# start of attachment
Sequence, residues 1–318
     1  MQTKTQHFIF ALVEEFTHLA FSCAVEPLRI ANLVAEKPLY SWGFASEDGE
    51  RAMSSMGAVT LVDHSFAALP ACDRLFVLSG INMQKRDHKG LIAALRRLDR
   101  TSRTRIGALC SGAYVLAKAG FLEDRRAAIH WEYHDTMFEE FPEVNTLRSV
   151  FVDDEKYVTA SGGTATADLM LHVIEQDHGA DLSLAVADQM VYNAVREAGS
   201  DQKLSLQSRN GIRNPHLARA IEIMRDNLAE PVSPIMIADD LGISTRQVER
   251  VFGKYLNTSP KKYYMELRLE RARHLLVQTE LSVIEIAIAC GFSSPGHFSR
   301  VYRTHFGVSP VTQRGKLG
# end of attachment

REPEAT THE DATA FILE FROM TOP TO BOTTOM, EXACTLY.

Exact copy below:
Sequence, residues 1–318
     1  MQTKTQHFIF ALVEEFTHLA FSCAVEPLRI ANLVAEKPLY SWGFASEDGE
    51  RAMSSMGAVT LVDHSFAALP ACDRLFVLSG INMQKRDHKG LIAALRRLDR
   101  TSRTRIGALC SGAYVLAKAG FLEDRRAAIH WEYHDTMFEE FPEVNTLRSV
   151  FVDDEKYVTA SGGTATADLM LHVIEQDHGA DLSLAVADQM VYNAVREAGS
   201  DQKLSLQSRN GIRNPHLARA IEIMRDNLAE PVSPIMIADD LGISTRQVER
   251  VFGKYLNTSP KKYYMELRLE RARHLLVQTE LSVIEIAIAC GFSSPGHFSR
   301  VYRTHFGVSP VTQRGKLG